The seven reasons for Alibaba’s success
By Xavier Pavie & Yixuan Luo August 4, 2016
- Among them are unique business model and unconventional profit model
- Large number of users, can use advertising and customer’s data for profit
ALIBABA’S success is no secret. From its humble beginnings in Jack Ma’s Hangzhou apartment, the company has evolved and grown into an e-commerce empire known internationally.
What exactly is it about Alibaba that has enabled it to flourish?
Here are seven fundamental reasons for its ground-breaking success.
A brief history
Alibaba was initially founded in Jack Ma’s (pic above) apartment in Hangzhou in 1999, before Alibaba.com was launched later that same year.
In 2003, as the number of Internet users in China reached 80 million, Taobao.com was launched as an online market. Shortly afterwards, both Alipay and Aliwangwang (instant messenger on Taobao) were launched to complete the purchasing process in Taobao.
In 2007, the number of Internet users in China rose to 210 million and Alimama was launched as an advertisement transaction platform. Taobao started to monetise that same year. Tmall was launched in 2008, as Alibaba ran both B2C (business-to-consumer) and C2C (consumer-to-consumer) platforms.
In 2009, Alibaba Cloud computing was founded, illustrating Alibaba’s commitment to prioritise big data as part of its strategy.
In 2010, the following three platforms were launched as part of Alibaba’s increasing focus on mobile payment: Juhuasuan (a platform for C2B); AliExpress (a global consumer marketplace); and the Mobile Taobao app.
Core Factor #1: Unique business model
Alibaba provides services mainly to small enterprises and individuals. This defines a unique business opportunity which emancipates the productive forces of small enterprises and offers more diversified consumption choices for consumers.
Be it 1688 (a B2B e-commerce platform), Taobao, or YiDaTong (the largest Chinese professional import and export agent), all of Alibaba’s three core businesses focus on providing services to small enterprises, accumulatively creating value that would not have been possible individually.
Together, they represent a complete e-commerce ecosystem.
By focusing on small enterprises, a large variety of goods is made available to a large variety of target consumer groups. In 2014, the Alibaba platform handled a total transaction volume worth CNY3.1 billion (US$458 million).
Core Factor #2: Unconventional profit model
Alibaba charges for services in marketing and technical support, instead of for admission. This contributes to a large and robust market share made up of loyal customers.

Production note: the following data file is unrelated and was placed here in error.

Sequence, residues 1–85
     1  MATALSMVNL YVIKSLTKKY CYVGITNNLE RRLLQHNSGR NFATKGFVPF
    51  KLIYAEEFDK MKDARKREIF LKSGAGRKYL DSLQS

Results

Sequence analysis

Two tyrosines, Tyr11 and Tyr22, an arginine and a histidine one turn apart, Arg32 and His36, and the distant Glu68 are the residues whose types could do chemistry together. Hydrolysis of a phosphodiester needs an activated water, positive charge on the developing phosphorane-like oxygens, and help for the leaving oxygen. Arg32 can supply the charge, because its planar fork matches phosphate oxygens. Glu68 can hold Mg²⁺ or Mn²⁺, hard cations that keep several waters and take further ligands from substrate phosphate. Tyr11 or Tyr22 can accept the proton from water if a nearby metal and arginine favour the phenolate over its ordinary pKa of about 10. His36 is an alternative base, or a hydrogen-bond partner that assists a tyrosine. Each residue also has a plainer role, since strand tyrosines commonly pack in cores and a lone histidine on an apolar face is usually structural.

Its profits mainly come from advertisements and keyword bidding, which represent 57% of total profits. The second most important source of profits (representing 25%) comes from technical services based on big data of consumer behaviours.
By removing intermediate fees and allowing sellers to register for free, Alibaba was able to cultivate the online transaction habit among Chinese customers.
eBay China, on the other hand, charges a fee for its platform transactions. By gathering a large number of sellers, Taobao succeeded in attracting even more customers.
Presently, the Alibaba platform represents more than 500 million registered users, including more than 230 million active buyers and more than eight million active sellers, and annual orders have exceeded 11 billion, according to the company’s prospectus.
Alibaba is able to leverage on the large number of customers on the platform, and also make use of advertisement, keyword bidding, and customer’s data for profit.
Core Factor #3: Reliable credit model
Alibaba’s accurate credit model helps to develop a trustworthy reputation among customers. All sellers on the e-commerce platform are requested to pass an online certification test to verify their identity information. This reduces illegal transactions as sellers are supervised on the platform at all times.
Apart from that, all transactions are recorded and can be traced back by both sellers and customers. This protects the legitimacy of each transaction and helps customers choose more reliable sellers.
As an additional layer of protection, payments are first transferred to Alipay and only released to sellers when buyers indicate that they have received their products in good condition.
In 2013, the number of users in Alipay approached 300 million while the number of transactions reached CNY900 billion (US$142 billion). Active users of the mobile terminal reached 100 million, which exceeded the number of users on PayPal.
In addition, the system is built such that online feedback is highly encouraged. Customers are rewarded for the reviews they contribute with discount coupons – more reviews, more discount coupons.
These buyer reviews help other customers in their overall purchasing experience and decision-making process, which reduces post-purchase regrets.
Subsidiary Factor #1: Support services for customer satisfaction
Alibaba’s service offerings provide a comfortable purchasing environment and positive online customer experience, leading to high user engagements.
It offers a suite of support services to ensure optimal customer satisfaction by helping sellers to maintain positive interaction with buyers.